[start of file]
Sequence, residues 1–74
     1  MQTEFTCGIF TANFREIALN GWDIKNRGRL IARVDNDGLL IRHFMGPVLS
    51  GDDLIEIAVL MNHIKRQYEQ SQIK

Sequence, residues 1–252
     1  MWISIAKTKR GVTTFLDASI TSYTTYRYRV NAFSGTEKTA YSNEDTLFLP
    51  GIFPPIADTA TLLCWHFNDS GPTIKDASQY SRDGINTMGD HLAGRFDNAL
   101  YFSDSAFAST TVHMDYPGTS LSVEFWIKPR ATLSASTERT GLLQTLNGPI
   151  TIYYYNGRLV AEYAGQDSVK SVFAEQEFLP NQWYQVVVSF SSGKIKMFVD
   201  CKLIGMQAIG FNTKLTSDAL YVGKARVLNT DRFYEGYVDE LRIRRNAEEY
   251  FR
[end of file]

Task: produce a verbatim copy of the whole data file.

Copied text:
Sequence, residues 1–74
     1  MQTEFTCGIF TANFREIALN GWDIKNRGRL IARVDNDGLL IRHFMGPVLS
    51  GDDLIEIAVL MNHIKRQYEQ SQIK

Sequence, residues 1–252
     1  MWISIAKTKR GVTTFLDASI TSYTTYRYRV NAFSGTEKTA YSNEDTLFLP
    51  GIFPPIADTA TLLCWHFNDS GPTIKDASQY SRDGINTMGD HLAGRFDNAL
   101  YFSDSAFAST TVHMDYPGTS LSVEFWIKPR ATLSASTERT GLLQTLNGPI
   151  TIYYYNGRLV AEYAGQDSVK SVFAEQEFLP NQWYQVVVSF SSGKIKMFVD
   201  CKLIGMQAIG FNTKLTSDAL YVGKARVLNT DRFYEGYVDE LRIRRNAEEY
   251  FR